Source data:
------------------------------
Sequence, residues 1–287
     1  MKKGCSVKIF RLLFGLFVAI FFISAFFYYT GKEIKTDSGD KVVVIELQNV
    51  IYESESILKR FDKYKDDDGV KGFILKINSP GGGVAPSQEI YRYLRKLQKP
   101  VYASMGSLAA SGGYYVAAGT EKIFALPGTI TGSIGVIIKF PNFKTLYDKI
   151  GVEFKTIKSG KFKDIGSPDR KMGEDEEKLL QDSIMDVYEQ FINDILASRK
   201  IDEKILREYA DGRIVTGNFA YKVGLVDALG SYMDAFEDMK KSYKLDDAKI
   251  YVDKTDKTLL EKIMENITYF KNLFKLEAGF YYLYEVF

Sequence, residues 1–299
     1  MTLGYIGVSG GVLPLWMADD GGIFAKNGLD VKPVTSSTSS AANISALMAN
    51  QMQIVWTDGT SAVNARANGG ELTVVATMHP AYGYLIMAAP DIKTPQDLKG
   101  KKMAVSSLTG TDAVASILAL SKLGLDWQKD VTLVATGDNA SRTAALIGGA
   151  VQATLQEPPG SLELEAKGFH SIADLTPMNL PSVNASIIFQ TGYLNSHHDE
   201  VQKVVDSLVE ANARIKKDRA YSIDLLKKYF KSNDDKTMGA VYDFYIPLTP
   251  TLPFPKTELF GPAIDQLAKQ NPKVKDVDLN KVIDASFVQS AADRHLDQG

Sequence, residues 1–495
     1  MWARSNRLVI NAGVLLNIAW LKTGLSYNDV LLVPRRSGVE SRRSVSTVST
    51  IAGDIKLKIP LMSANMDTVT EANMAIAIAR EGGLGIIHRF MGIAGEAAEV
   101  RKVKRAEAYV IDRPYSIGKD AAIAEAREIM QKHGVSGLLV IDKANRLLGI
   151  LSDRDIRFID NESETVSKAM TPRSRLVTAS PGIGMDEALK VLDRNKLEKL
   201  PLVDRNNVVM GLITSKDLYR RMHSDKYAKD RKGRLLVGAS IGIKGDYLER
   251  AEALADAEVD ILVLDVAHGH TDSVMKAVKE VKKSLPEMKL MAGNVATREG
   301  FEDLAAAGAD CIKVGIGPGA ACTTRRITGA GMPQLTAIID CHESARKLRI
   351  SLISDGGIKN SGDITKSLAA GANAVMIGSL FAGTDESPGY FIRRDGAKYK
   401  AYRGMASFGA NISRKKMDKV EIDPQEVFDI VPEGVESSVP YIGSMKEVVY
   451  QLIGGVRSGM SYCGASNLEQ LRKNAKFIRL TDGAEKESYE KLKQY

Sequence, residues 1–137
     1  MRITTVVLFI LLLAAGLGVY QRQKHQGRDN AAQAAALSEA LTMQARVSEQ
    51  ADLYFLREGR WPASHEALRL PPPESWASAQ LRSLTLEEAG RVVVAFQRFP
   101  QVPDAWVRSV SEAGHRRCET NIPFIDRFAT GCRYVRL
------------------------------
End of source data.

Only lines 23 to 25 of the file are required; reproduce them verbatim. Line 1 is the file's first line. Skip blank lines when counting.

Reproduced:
   351  SLISDGGIKN SGDITKSLAA GANAVMIGSL FAGTDESPGY FIRRDGAKYK
   401  AYRGMASFGA NISRKKMDKV EIDPQEVFDI VPEGVESSVP YIGSMKEVVY
   451  QLIGGVRSGM SYCGASNLEQ LRKNAKFIRL TDGAEKESYE KLKQY